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Exp Hematol. 2006 Jun;34(6):697-704.

Design of homogeneous, monopegylated erythropoietin analogs with preserved in vitro bioactivity.

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Bolder BioTechnology, Inc., Boulder, CO 80301, USA.



Erythropoietin (Epo) bioactivity is significantly reduced by modification of lysine residues with amine-reactive reagents, which are the most commonly used reagents for attaching polyethylene glycols (PEGs) to proteins to improve protein half-life in vivo. The aims of this study were to determine whether Epo bioactivity can be preserved by targeting attachment of maleimide-PEGs to engineered cysteine analogs of Epo, and to determine whether the pegylated Epo cysteine analogs have improved pharmacokinetic properties in vivo.


Thirty-four Epo cysteine analogs were constructed by site-directed mutagenesis and expressed as secreted proteins in baculovirus-infected insect cells. Following purification, monopegylated derivatives of 12 cysteine analogs were prepared using 20-kDa maleimide-PEGs. In vitro biological activities of the proteins were measured in an Epo-dependent cell proliferation assay. Plasma levels of insect cell-expressed wild-type Epo (BV Epo) and a pegylated Epo cysteine analog were quantitated by ELISA following intravenous administration to rats.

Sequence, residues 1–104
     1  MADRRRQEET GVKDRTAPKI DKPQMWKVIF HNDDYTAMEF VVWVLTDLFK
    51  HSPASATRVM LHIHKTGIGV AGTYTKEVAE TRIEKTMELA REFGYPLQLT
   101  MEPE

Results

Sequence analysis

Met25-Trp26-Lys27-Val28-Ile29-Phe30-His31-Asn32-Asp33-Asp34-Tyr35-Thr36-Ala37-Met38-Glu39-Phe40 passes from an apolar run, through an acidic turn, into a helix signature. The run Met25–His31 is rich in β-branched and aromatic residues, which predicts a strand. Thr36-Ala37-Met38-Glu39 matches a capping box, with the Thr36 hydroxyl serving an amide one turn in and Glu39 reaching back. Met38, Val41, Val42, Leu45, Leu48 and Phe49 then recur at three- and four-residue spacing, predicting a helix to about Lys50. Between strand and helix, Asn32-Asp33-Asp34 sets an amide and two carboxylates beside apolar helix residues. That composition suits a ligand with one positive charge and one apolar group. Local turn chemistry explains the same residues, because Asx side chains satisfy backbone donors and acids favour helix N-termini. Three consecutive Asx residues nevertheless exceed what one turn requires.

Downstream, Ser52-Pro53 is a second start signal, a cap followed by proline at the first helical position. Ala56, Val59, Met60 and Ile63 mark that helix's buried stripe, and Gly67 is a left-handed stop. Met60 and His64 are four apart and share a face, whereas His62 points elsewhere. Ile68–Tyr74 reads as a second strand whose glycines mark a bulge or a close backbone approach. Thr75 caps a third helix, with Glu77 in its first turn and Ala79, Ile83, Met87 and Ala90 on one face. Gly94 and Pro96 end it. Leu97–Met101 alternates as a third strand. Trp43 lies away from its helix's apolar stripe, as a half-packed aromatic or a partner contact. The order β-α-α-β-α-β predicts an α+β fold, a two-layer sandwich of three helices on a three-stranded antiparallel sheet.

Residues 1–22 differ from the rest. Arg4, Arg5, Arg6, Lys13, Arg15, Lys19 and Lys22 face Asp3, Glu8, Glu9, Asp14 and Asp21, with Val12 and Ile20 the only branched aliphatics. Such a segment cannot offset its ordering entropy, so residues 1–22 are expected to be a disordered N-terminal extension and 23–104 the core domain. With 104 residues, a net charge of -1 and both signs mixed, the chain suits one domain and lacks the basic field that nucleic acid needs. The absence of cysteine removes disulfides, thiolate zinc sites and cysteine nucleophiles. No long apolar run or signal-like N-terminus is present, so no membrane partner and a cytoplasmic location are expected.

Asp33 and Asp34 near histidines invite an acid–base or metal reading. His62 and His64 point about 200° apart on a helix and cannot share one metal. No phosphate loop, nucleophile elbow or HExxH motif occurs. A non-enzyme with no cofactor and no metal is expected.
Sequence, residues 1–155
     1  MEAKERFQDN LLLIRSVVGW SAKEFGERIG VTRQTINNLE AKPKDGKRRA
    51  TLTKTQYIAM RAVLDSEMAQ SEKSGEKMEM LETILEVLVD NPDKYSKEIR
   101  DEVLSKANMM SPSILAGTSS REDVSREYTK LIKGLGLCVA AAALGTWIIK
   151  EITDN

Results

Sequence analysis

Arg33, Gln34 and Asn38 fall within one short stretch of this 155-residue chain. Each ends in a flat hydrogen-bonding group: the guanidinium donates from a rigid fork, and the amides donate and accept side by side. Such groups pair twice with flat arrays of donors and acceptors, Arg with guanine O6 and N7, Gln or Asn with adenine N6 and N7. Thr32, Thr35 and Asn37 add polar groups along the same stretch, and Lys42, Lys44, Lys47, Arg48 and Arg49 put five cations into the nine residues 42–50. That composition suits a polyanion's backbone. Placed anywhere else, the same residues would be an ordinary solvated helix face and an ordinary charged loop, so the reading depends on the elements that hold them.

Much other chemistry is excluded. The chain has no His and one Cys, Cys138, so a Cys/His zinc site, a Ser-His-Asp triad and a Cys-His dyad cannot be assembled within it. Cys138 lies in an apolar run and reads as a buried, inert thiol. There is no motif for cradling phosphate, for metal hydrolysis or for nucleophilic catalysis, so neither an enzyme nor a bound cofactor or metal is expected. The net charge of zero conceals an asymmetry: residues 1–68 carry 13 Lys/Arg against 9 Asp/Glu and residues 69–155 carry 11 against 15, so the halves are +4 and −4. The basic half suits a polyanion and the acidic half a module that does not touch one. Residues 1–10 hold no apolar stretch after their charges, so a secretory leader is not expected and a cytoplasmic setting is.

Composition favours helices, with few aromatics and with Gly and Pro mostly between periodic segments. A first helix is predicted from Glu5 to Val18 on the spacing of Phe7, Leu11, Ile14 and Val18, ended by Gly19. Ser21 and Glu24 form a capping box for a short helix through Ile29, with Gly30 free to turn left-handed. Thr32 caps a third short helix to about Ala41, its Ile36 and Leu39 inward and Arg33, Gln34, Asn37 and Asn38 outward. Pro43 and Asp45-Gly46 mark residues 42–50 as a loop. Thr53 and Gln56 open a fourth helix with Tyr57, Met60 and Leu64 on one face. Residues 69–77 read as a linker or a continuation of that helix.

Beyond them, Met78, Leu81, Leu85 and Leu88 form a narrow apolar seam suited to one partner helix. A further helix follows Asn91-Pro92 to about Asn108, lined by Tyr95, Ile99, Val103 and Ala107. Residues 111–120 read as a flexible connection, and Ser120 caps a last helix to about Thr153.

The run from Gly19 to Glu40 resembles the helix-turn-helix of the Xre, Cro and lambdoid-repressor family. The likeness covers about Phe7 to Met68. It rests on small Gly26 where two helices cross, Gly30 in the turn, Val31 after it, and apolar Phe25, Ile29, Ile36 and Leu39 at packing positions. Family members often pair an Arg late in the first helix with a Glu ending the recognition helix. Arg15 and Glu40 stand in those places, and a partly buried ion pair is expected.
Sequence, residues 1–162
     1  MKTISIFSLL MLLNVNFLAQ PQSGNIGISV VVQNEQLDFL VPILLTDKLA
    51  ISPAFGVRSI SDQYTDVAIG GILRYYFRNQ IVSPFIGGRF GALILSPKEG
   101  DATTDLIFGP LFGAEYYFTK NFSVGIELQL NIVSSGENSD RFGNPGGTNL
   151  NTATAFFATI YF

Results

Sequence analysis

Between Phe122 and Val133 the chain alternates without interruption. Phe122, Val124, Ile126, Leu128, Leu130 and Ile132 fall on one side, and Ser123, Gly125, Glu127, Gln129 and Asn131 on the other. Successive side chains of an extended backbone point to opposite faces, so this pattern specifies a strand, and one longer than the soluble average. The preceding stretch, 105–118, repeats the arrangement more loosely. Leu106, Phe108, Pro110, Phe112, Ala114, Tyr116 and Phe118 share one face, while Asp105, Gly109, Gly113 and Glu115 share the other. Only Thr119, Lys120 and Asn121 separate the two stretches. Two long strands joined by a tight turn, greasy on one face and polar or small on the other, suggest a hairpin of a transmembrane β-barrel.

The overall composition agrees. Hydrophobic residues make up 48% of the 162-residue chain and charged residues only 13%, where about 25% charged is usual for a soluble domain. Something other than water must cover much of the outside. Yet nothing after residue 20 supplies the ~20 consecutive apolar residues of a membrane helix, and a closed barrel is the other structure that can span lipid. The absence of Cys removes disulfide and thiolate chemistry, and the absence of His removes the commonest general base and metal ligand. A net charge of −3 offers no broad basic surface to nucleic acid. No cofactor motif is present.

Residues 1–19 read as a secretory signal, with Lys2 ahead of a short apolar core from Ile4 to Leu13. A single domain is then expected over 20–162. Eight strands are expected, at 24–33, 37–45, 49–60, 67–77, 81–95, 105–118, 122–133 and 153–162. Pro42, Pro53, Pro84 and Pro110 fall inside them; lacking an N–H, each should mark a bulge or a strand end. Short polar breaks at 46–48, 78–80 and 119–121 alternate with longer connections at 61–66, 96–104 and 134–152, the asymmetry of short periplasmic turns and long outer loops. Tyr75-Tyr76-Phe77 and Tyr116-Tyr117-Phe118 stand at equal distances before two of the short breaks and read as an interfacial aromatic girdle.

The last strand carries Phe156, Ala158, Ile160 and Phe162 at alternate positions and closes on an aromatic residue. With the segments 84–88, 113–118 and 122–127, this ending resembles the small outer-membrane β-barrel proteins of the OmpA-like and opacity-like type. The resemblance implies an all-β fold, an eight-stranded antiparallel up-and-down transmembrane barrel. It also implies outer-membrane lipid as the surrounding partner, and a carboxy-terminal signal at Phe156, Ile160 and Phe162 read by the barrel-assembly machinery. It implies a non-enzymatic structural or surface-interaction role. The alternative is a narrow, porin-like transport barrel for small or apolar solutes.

Biological activities of 17 purified Epo cysteine analogs and 10 purified pegylated Epo cysteine analogs were comparable to that of BV Epo in the in vitro bioassay. The only pegylated cysteine analogs that displayed consistently reduced in vitro bioactivities were substitutions for lysine residues, PEG-K45C and PEG-K154C. The pegylated Epo cysteine analog had a slower initial distribution phase and a longer terminal half-life than BV Epo in rats, but the majority of both proteins were cleared rapidly from the circulation.


Targeted attachment of maleimide-PEGs to engineered Epo cysteine analogs permits rational design of monopegylated Epo analogs with minimal loss of in vitro biological activity. Insect cell-expressed Epo proteins are cleared rapidly from the circulation in rats, possibly due to improper glycosylation. Site-specific pegylation appears to improve the pharmacokinetic properties of Epo.

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